Pilot project gives community groups seat at developer meetings

Community groups in Capital Ward will be invited to join meetings between developers and Ottawa city planners as part of a one-year pilot project aimed at engaging the public earlier in planning decisions.

Neighbourhoods like the Glebe, Old Ottawa South, Riverside to be part of pilot

Ottawa mayor Jim Watson and planning chair Peter Hume said they hope the changes make the planning process at city hall easier to understand.

Community groups in Capital Ward will be invited to join meetings between developers and Ottawa city planners as part of a one-year pilot project aimed at engaging the public earlier in planning decisions.

On Monday, Ottawa Mayor Jim Watson and planning committee chair Peter Hume unveiled a number of city-wide initiatives designed to demystify the process by which new developments like condominium buildings are approved.

The changes include revamping development street signs to feature plainer language and images of proposed developments and redesigning report templates to make it easier to find and contact city planners.

The pilot project in Capital Ward, however, will give registered community associations a chance to participate in consultation meetings before applications have even being filed.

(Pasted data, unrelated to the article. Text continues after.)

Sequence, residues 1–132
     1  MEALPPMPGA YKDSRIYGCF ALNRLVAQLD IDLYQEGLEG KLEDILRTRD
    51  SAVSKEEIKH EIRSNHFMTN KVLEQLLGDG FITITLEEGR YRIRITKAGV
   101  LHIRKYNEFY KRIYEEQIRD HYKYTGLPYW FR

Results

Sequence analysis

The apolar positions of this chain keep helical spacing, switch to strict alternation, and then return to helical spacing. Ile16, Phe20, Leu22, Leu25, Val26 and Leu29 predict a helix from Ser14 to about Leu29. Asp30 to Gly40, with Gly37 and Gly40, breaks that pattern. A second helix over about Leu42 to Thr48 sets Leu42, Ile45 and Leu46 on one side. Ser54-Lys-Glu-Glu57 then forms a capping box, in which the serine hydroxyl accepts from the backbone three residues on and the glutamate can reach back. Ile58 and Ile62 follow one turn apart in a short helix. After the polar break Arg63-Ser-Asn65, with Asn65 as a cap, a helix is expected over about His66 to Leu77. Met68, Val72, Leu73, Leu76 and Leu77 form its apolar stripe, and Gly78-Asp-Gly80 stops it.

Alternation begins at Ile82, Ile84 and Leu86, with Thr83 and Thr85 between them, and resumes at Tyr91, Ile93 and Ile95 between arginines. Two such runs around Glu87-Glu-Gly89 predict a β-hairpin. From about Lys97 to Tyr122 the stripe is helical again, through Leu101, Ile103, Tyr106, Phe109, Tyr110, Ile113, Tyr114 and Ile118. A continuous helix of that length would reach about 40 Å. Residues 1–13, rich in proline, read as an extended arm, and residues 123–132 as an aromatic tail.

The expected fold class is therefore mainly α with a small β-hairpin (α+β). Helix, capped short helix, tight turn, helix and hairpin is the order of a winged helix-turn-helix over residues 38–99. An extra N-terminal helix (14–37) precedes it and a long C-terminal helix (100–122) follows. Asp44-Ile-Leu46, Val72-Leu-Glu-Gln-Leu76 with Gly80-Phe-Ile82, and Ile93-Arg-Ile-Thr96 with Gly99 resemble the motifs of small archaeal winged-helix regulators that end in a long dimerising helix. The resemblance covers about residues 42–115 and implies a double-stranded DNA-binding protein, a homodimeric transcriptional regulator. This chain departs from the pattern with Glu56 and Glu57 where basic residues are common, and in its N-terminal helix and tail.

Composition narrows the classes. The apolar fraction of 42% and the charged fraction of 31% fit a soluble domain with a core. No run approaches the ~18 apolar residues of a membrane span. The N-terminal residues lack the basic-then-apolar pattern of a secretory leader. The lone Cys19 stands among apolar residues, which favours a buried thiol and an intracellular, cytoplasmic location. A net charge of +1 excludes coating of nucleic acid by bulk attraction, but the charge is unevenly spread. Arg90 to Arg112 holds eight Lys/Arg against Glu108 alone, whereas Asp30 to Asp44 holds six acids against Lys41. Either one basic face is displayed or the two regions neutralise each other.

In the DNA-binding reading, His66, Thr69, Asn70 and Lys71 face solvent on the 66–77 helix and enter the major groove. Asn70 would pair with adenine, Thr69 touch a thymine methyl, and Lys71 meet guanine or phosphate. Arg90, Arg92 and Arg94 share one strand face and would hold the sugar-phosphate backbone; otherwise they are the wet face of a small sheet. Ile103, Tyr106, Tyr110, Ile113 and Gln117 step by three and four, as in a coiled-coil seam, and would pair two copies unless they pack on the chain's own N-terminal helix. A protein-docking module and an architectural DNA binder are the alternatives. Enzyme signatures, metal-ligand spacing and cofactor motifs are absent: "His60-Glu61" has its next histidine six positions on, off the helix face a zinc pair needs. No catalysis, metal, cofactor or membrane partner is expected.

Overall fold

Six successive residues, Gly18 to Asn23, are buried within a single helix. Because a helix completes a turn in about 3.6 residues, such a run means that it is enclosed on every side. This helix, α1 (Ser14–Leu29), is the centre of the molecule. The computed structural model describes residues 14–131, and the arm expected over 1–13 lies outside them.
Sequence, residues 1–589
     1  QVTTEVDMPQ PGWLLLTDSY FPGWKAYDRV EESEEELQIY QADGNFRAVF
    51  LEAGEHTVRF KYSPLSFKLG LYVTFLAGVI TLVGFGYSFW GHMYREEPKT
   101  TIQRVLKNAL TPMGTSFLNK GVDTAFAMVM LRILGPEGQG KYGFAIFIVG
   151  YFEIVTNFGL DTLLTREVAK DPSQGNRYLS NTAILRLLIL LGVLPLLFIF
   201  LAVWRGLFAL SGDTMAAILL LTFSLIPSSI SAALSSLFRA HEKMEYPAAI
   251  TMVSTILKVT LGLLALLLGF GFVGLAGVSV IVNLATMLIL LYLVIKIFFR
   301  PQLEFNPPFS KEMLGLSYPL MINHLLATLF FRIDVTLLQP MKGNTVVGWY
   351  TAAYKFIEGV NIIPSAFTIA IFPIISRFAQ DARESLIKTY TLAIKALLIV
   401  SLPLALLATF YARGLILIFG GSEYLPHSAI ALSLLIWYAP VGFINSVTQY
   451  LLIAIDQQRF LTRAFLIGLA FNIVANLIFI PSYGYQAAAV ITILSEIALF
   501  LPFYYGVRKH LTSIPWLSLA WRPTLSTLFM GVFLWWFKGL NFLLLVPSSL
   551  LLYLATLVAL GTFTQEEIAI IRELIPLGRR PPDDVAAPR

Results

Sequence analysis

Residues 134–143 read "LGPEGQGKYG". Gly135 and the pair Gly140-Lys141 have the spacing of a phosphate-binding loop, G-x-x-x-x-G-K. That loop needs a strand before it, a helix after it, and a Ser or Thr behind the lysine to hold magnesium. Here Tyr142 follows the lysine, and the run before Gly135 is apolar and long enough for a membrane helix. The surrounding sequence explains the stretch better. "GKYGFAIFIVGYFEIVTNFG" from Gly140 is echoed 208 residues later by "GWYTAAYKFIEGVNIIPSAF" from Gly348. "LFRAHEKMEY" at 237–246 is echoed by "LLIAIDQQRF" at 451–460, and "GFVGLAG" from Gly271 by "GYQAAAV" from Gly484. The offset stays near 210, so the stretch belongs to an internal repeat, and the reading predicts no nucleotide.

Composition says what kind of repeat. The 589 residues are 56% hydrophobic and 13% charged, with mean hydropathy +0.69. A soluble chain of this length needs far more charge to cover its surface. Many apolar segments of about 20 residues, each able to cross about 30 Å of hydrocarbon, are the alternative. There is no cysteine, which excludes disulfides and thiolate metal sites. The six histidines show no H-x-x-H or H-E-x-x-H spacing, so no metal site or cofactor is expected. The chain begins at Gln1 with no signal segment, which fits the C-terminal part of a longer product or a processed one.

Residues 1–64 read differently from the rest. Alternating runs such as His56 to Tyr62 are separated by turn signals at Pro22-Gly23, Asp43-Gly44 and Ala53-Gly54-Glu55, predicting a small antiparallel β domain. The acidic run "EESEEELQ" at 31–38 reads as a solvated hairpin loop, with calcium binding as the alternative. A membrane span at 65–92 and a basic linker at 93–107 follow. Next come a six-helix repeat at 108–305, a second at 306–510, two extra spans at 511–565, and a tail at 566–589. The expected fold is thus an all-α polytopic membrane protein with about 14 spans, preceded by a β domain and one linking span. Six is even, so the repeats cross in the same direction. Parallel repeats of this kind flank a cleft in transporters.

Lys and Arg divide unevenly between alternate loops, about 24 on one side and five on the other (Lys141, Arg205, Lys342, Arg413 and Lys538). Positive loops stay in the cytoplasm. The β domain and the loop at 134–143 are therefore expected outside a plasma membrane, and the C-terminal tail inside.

Pilot project begins in August

Hume said the pilot will help make the process more transparent to the public.

"We're really trying to open up the planning process and put community members who have been incredibly critical of the city, right in the centre of applications," said Hume.

The pilot project will begin in August, and a report on its results will be tabled to the planning committee next summer.

Capital Ward encompasses a number of residential neighbourhoods, including the Glebe, Old Ottawa South, Old Ottawa East, Heron Park and Riverside, as well as Carleton University.

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